Wednesday, October 31, 2007

Remembering "Too Close for Comfort"

"Too Close for Comfort" began its run in 1980, and it was definitely one of my favorite shows. It focused on the Rush family, who lived in a two-family house in San Francisco.
In the first episode, after the Rushs’ downstairs tenant dies (and they discover not only his crazily decorated apartment, but also that the tenant was a cross-dresser), the Rushs’ two daughters, Jackie (played by Deborah Van Valkenburgh) and Sarah (played by Lydia Cornell) decide to rent the apartment. ("What happened to those nice tenants we had, the ones with the musical instruments?" Henry Rush asks his wife, Muriel. She replies, "They kidnapped Patty Hearst." Power to the People, man!)
The late Ted Knight (also known as "Ted Baxter" to "Mary Tyler Moore" fans) and Nancy Dussault, played the parents, Henry and Muriel. Henry worked from home drawing his comic strip, "Cosmic Cow," usually wearing a cow puppet on his hand while he drew.
And then there was the bumbling Monroe Ficus, played by JM J. Bullock, who had a not-so-secret crush on Sarah Rush, and was a constant thorn in the side of Henry Rush. Audrey Meadows ("Alice" from "The Honeymooners") also made guest appearances at Muriel’s mother, Iris Martin.
But the show lost it’s oomph when the daughters left and the Rushes moved into a house with their small son (born during the show’s run) and the show was renamed "The Ted Knight Show."

Tuesday, October 30, 2007

Reader suggests checking out "Mrs. Brady" on Web site

After reading my blog posts on The Brady Bunch and spin-offs, a reader wrote to me, suggesting I check out the Web site below. Florence Henderson (that's Carol Brady to you and me), appears on a set reminiscent of "The Brady Bunch" house and challenges site viewers to find the germs.

Not quite as entertaining as Greg's hair turning orange, but still worth a look if your a die-hard "Brady Bunch" fan. Thanks for the suggestion, Joel. Keep reading, and keep those comments and suggestions coming!

Check out Florence Henderson at

“The Magic Garden”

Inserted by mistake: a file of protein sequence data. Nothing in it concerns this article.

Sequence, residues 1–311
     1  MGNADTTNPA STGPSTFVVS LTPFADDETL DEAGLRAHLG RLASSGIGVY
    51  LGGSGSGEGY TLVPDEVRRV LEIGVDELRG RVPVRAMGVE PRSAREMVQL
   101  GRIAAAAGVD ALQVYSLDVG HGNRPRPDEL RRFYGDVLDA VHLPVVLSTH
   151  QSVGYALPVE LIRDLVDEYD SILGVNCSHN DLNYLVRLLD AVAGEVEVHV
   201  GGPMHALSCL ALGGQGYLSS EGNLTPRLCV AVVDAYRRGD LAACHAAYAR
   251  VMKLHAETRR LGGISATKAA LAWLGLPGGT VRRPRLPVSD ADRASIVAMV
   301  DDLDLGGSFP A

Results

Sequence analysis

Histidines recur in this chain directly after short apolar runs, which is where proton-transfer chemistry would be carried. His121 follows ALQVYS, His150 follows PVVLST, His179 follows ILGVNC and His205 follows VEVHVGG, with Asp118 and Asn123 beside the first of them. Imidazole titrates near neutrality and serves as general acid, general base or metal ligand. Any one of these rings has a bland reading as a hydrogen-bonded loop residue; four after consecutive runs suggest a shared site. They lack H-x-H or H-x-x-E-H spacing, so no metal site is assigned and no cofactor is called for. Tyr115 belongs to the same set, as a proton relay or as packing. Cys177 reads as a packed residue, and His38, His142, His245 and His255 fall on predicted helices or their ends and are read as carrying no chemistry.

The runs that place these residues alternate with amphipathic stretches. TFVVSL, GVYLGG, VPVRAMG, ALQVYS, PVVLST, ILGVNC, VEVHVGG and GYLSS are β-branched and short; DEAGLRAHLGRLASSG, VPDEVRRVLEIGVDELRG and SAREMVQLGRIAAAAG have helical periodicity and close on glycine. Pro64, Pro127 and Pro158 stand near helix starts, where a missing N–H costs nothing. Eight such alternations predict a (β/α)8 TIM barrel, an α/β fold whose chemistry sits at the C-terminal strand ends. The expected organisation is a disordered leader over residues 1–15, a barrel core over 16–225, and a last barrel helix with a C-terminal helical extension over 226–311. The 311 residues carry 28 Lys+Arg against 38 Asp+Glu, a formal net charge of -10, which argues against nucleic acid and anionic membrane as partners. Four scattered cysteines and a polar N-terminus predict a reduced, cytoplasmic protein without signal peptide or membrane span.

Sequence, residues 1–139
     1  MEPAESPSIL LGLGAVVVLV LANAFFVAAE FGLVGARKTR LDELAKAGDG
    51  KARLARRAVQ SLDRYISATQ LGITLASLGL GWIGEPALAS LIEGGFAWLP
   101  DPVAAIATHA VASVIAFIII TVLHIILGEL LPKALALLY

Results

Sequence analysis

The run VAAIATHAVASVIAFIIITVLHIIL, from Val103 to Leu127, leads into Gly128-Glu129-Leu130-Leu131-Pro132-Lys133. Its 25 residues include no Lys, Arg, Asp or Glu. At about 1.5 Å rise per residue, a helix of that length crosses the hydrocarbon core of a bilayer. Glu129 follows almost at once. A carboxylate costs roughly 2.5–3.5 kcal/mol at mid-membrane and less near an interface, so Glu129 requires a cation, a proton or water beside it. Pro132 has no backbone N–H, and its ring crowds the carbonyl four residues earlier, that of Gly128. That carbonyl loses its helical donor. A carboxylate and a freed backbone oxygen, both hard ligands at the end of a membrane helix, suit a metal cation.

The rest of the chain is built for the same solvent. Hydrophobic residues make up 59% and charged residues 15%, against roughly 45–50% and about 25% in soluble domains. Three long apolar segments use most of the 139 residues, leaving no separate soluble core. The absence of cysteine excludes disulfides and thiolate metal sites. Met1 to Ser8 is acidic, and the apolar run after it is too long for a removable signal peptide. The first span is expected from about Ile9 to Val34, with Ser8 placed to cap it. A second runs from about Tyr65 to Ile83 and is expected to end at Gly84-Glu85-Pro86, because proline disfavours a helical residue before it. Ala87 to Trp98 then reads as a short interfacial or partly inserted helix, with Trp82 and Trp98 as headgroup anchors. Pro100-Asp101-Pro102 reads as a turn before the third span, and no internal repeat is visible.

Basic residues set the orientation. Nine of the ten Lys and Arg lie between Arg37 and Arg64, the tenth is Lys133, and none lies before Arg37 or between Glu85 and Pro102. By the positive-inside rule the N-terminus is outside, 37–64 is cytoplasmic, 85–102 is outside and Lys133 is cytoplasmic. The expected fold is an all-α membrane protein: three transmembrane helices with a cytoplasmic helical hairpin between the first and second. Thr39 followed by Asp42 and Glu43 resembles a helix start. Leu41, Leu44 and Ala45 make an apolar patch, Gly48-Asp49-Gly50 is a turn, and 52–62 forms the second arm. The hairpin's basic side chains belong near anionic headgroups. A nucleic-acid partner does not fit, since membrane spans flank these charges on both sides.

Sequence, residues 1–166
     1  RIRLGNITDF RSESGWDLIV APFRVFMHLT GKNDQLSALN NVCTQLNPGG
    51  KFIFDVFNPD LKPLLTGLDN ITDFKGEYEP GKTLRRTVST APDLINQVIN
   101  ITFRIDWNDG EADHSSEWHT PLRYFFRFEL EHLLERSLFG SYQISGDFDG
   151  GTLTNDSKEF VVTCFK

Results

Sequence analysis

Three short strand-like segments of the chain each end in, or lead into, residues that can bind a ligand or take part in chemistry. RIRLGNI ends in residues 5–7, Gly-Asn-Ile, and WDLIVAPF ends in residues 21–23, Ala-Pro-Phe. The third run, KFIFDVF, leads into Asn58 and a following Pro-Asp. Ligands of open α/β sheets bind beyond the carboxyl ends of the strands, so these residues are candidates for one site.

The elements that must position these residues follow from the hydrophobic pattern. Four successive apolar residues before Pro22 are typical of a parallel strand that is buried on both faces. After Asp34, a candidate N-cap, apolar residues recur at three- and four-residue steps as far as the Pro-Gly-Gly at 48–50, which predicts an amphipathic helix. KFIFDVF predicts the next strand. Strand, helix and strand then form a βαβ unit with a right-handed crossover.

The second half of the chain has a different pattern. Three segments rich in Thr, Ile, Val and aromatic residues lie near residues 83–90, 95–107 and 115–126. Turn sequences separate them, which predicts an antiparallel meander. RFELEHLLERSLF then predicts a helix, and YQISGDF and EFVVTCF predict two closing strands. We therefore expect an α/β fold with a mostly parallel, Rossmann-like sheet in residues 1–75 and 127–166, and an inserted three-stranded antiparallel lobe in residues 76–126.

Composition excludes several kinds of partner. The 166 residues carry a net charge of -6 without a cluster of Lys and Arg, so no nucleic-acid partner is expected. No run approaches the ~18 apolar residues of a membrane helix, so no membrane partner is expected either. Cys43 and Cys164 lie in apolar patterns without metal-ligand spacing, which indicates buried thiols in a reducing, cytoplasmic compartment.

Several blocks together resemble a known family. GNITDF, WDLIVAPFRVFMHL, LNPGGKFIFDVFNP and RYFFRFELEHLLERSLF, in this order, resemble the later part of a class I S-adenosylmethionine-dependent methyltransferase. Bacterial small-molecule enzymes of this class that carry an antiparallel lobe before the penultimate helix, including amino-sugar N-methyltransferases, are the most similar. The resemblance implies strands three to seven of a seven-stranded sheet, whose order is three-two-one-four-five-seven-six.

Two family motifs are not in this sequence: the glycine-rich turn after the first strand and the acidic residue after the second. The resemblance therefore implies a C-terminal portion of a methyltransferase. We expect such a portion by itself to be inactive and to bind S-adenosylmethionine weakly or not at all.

I was just checking out some clips of this old children’s television show on YouTube, and while it brought back some fond memories, it also stirred up some hidden resentments buried deep within my psyche. I was watching the “Hello Song” video, where Carole and Paula would sing, “I’m fine” “Me too” “We’re fine and how are you?” and then they’d hello to the children out there in TV land, giving a short list of children’s names. Do you think they ever mentioned a Bradley? Or a Brad? Nope. I know I would have remembered that. That’s just the kind of guy I am.

OK, I know, time to make that appointment with a therapist.

But, seriously, “The Magic Garden” was one of my favorite shows as a kid. In addition to Carole and Paula, there was also Sherlock the Squirrel, who lived in the Magic Garden’s tree. (What, you were expecting him to live in, a condo?)

And, then there was the Story Box (“There are no locks on Story Box, on Story Box, on Story Box…” –a phrase I still use on occasion when someone’s telling me too much information and I’m out of Tylenol.) Story Box contained props that Carole and Paula would use to act out stories.

There was also the Chuckle Patch, a group of chuckling flowers, which had slips of paper with jokes attached to them. Hey, what can I say, it was the ‘70s.

And, at the end of each show, they’d close with the goodbye song, “See Ya.” “See ya, see ya, hope ya had a real good time …”

See ya.

Some sites to check out:

The Magic Garden “Hello Song” on YouTube:

The Magic Garden “Story Box” on YouTube

The Magic Garden “Chuckle Patch” on YouTube

The Magic Garden Goodbye Song “See Ya” on YouTube

And, finally, check out the Carole & Paula’s Web site, featuring an up-to-date photo of the duo at

Monday, October 29, 2007

H.R. Pufnstuf

Yes, another all-time favorite of mine when I was a kid. (OK, it’s still a favorite). Created by Sid & Marty Krofft, I loved everything about this show, starting with the show’s introduction.

First airing in September of 1969, “H.R. Pufnstuf” was the story about a boy named Jimmy, and his magic, golden, talking flute who decide to get in a boat. (Didn’t they know never to take boat rides from strangers? Guess not.)

But this wasn’t just ANY boat. This was a boat sent by a wicked witch named Witchiepoo (played perfectly by actress Billie Hayes), who wanted the golden flute all to herself. She waved her wand, caused a storm, and shipwrecked the boat on Living Island. But, before she could get to them, Jimmy and Freddie were rescued by Pufnstuf, the mayor of Living Island.